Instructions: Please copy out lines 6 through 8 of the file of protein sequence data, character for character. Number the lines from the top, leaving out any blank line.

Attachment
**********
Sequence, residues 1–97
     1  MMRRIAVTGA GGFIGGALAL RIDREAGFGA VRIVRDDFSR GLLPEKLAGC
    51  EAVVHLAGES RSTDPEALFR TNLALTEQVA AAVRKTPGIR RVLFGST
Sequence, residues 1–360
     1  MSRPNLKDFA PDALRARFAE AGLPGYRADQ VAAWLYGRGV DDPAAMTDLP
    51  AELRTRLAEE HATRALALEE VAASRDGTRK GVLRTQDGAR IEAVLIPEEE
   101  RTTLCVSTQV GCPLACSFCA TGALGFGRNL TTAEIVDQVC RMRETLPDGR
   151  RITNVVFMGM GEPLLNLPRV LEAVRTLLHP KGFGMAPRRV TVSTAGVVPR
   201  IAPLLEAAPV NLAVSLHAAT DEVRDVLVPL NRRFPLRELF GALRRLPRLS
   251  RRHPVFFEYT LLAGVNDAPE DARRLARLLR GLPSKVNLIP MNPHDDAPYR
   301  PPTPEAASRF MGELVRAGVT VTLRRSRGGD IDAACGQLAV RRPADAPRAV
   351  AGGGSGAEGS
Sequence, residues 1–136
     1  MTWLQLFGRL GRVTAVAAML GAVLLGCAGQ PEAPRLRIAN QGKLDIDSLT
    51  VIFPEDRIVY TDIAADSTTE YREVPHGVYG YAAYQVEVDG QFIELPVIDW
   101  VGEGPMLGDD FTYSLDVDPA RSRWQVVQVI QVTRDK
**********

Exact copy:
    51  AELRTRLAEE HATRALALEE VAASRDGTRK GVLRTQDGAR IEAVLIPEEE
   101  RTTLCVSTQV GCPLACSFCA TGALGFGRNL TTAEIVDQVC RMRETLPDGR
   151  RITNVVFMGM GEPLLNLPRV LEAVRTLLHP KGFGMAPRRV TVSTAGVVPR